The Baltimore Sun
October 2, 2004
Music Review

BSO spends a night in the gardens of Spain

By Tim Smith, Sun Music Critic

You can bank on something magical happening whenever Mario Venzago is a guest on the Baltimore Symphony Orchestra's podium.  He proved it again last night in a program tailor-made to such a masterful musical colorist.

Spain provided the concert's unifying theme, but the main work was Spanish twice removed – music by Frenchman Georges Bizet, mostly from his opera Carmen, as transmuted (or deconstructed) by Russian Rodion Shchedrin into a ballet score for strings and percussion.

Venzago didn't miss a single shade of the brilliant tonal palette.  But he went far beneath the surface to produce a palpable drama, full of searing emotions, undercurrents, insinuations.  The result was more gripping than a lot of performances I've sat through of the original operatic Carmen.

Concern for dynamic gradations, especially all the pianissimos and the final fadeout, paid off terrifically.  So did Venzago's way of building toward a lyrical climax, notably in the Adagio.

The BSO strings poured on the warmth, while timpanist Dennis Kain and percussionists Christopher Williams, John Locke, Brian Prechtl and Karen Haringa handled their duties with considerable sensitivity.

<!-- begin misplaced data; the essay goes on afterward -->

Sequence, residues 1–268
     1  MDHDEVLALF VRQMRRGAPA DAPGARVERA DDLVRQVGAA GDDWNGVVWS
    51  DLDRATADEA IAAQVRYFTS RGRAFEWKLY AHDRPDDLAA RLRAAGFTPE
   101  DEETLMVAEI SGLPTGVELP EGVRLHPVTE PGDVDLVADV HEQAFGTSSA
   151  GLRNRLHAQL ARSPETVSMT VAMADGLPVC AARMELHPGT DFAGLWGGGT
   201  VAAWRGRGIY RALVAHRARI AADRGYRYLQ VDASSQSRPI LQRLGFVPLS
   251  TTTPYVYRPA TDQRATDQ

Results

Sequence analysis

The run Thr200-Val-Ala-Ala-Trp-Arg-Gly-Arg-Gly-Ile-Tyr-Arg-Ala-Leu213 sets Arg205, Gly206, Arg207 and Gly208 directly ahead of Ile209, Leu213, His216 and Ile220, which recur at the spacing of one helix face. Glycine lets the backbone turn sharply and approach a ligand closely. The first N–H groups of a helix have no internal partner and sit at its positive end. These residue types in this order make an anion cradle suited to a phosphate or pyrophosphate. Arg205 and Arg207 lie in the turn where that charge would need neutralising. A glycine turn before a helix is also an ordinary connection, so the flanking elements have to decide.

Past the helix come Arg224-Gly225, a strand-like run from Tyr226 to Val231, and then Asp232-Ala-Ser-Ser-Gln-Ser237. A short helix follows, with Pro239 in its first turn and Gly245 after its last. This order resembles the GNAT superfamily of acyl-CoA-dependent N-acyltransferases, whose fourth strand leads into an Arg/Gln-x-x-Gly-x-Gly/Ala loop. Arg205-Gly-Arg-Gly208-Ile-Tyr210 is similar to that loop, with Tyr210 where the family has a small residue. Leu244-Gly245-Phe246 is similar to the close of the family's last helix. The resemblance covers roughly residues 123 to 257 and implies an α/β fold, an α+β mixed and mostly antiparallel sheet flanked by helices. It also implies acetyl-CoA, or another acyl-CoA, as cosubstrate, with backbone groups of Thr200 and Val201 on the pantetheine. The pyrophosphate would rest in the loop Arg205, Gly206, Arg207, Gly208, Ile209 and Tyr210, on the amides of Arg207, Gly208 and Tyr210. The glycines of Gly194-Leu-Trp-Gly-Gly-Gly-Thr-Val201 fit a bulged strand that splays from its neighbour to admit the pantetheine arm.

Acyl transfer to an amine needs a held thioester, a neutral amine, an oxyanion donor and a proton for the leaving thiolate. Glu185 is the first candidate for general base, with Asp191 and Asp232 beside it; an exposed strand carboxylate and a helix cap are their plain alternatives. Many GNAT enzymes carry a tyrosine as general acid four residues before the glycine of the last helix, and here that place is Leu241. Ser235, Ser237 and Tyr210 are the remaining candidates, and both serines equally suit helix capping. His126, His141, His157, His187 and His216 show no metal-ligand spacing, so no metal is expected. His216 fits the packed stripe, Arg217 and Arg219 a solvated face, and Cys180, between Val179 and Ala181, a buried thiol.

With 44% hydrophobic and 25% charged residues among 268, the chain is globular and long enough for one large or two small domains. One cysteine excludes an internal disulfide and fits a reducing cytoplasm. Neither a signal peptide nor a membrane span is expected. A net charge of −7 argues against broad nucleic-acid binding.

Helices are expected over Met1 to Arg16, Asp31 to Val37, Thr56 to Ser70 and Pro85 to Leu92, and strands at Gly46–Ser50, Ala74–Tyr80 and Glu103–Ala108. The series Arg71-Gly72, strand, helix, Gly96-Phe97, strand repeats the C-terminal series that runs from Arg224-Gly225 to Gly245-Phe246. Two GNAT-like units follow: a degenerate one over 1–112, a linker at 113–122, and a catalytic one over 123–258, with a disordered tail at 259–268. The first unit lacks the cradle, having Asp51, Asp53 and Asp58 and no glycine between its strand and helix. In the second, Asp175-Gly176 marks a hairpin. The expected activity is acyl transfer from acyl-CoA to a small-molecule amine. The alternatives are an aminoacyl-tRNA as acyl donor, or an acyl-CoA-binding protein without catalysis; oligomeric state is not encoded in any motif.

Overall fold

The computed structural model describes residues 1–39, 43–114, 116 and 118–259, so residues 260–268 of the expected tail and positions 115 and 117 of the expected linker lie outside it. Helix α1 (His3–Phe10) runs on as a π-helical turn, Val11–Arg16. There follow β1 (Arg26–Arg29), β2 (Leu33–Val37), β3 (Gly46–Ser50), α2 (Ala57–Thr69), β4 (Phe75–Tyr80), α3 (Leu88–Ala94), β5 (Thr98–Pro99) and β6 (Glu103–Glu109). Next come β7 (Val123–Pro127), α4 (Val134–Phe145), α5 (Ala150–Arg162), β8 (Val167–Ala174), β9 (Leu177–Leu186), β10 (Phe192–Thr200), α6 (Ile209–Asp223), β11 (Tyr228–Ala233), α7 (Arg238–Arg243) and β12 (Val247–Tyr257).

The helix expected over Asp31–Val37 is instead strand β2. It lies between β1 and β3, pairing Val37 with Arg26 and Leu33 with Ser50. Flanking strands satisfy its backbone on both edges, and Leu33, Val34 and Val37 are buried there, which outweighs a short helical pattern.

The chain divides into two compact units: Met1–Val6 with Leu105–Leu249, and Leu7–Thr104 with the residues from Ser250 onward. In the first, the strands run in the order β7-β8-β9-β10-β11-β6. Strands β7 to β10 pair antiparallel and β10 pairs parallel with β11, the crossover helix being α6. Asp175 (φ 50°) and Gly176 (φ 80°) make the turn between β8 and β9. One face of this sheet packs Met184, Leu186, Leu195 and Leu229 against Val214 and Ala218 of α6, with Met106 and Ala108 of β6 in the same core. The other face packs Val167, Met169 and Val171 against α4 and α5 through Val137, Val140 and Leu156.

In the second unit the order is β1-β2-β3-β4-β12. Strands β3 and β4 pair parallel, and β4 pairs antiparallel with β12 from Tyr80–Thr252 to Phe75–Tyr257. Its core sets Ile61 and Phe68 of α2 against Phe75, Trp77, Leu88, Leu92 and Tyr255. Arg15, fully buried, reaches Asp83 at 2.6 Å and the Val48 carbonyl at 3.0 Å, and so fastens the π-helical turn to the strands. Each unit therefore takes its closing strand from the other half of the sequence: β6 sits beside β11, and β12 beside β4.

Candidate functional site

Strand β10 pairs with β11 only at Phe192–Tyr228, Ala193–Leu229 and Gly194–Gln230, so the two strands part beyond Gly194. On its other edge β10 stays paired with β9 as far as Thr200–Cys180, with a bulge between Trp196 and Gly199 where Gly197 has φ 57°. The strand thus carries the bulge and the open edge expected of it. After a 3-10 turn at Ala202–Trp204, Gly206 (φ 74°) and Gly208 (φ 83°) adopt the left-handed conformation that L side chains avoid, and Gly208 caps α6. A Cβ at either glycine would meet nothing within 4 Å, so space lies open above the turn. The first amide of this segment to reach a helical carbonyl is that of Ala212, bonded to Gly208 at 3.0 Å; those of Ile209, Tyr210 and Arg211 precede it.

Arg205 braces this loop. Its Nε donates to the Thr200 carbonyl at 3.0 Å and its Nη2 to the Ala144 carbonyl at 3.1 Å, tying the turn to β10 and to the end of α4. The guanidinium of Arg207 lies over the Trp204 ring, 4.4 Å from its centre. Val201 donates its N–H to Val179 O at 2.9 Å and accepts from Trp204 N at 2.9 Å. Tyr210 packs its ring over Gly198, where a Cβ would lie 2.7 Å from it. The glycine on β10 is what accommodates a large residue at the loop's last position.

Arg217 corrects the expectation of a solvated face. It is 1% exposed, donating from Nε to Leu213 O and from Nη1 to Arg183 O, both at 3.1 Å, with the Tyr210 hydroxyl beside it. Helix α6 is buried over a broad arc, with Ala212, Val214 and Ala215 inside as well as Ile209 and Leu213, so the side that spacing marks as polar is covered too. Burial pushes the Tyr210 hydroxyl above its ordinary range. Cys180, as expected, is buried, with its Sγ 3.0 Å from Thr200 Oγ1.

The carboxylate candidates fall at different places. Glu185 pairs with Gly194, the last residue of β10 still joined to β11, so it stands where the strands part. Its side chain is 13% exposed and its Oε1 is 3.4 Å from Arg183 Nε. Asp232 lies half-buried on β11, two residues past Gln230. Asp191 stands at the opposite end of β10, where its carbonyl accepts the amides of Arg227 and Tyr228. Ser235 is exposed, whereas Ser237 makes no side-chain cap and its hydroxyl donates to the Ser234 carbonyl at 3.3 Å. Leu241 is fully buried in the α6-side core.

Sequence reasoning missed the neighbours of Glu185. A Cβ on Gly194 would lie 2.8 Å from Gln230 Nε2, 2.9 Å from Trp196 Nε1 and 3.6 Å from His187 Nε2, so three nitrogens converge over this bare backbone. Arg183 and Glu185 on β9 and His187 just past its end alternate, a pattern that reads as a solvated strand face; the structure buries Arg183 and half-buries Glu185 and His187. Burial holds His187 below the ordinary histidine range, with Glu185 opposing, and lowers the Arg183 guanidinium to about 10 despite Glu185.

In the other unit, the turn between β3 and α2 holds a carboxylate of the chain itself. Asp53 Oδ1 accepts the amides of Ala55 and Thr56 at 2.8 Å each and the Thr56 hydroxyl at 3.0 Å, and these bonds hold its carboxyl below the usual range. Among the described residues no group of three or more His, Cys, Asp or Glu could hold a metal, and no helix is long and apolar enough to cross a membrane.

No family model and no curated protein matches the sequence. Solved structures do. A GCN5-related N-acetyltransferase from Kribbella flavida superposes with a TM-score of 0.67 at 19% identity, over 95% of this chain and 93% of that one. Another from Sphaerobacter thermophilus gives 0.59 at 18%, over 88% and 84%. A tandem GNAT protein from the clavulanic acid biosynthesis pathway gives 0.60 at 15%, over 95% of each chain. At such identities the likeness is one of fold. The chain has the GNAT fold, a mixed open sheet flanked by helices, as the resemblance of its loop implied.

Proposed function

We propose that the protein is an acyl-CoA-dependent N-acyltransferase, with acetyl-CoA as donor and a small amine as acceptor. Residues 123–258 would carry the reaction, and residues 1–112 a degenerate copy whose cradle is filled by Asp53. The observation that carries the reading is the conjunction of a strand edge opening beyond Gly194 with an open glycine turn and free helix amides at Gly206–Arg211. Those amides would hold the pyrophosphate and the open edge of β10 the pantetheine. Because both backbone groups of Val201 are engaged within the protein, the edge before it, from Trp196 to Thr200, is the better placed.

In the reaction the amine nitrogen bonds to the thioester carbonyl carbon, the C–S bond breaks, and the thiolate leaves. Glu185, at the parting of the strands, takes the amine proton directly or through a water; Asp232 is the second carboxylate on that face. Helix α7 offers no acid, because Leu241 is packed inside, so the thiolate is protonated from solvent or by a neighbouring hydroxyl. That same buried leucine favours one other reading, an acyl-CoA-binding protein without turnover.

Manuel de Falla's Nights in the Gardens of Spain, a sort-of piano concerto overflowing with atmosphere and sensuality, benefited from Eduardus Halim's lithe keyboard work, Venzago's attentiveness and the ensemble's smart response.  The performance shimmered.

Venzago relished the prism of orchestral sounds in Alborada del gracioso by Maurice Ravel who, like Bizet, had an uncanny knack for writing music authentically Spanish in temperament.  The work's beguiling and downright explosive characteristics emerged fully.

The only disappointment last night was the attendance.  It didn't look as if there were many more people in the hall than there were onstage.  I hope things pick up tonight and tomorrow.  This concert certainly deserves the attention.

Halim opened with Schumann's magnificent C Major Fantasia, Op. 17, a towering work full of technical and poetic complexities.  The fantasia seemed as though it might be new to Halim, as he appeared to be testing some details of pedaling and his touch was not entirely even or exacting.  Yet from an emotional standpoint, the pianist was completely settled and sure of himself, able to communicate a weighty concept of the work.  Here his playing was highly polished and reflective of a thorough musical understanding.

The remainder of the program was beautifully tailored from all angles.  Scriabin's futuristic Sonta No. 9 and the two sets of etudes flanking the intermission – Scriabin's Op. 65 and Chopin's Op. 25 – were concisely and handsomely delivered.  Halim embraced the pianistic quality of the Scriabin with consummate skill and achieved a striking tone and coloration throughout.  The Chopin was lyrical and fluid, with elegant finger work and fine artistic carriage.  – Kate Rivers